CRYWOLF'S TECHNIQUES FOR ARTISTS ON A BUDGET | DJMag.com Skip to main content

CRYWOLF'S TECHNIQUES FOR ARTISTS ON A BUDGET

Recording techniques for artists on any budget revealed by Los Angeles producer, vocalist, and multi-instrumentalist, Justin Taylor Phillips, aka Crywolf

One never knows when or where creativity is going to strike. Limiting creation to the studio is confining - you really want to be able to act on creative impulses whenever they should decide to hit. For me, as a touring artist, that becomes pretty difficult - I am away from home more than half of the time, with nothing more than my travel mic and an audio box.

I have had to record in countless hotel rooms, houses, and even green rooms … you can’t ever let that inspiration get away from you! It’s useful, as an artist, to be able to work out guerilla techniques for when inspiration strikes in an inconvenient place.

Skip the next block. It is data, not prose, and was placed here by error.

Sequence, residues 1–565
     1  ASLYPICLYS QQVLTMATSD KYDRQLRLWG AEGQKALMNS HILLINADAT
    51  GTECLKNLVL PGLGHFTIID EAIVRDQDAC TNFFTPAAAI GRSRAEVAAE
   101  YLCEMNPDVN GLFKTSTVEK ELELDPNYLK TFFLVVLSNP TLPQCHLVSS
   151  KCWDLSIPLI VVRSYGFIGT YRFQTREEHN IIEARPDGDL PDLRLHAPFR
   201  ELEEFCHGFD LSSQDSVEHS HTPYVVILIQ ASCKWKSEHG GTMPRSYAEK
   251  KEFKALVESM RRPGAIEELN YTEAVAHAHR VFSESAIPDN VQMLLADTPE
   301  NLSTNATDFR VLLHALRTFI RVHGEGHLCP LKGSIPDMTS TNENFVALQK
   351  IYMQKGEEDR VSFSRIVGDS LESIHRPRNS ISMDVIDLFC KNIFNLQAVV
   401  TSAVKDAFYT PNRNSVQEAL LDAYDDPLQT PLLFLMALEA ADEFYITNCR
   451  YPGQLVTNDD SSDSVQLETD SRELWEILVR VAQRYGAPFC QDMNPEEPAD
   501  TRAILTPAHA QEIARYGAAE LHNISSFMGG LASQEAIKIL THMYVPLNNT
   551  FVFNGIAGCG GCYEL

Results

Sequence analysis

At the beginning of this year, I got to put this into practice in a huge way by recording an entire album in a little house in a town in the far north of Iceland.

I was on a pretty small budget, and it was a six-hour drive over tiny dirt roads to get to the little fishing village where I was shacking up, so having a full studio set-up with nice, professional equipment wasn’t really an option. I had to work with what I had in the house in order to get really great sounding vocal, percussive and instrumental recordings.

Going in, I assumed I would need to re-record certain parts when I got back to my studio, but through the use of all sorts of naturally acoustically absorptive materials (couch cushions, comforters, rugs, etc.), I was able to get source recordings that sounded so good that aside from a couple of one-shot lyrical changes, I didn’t have to re-record anything.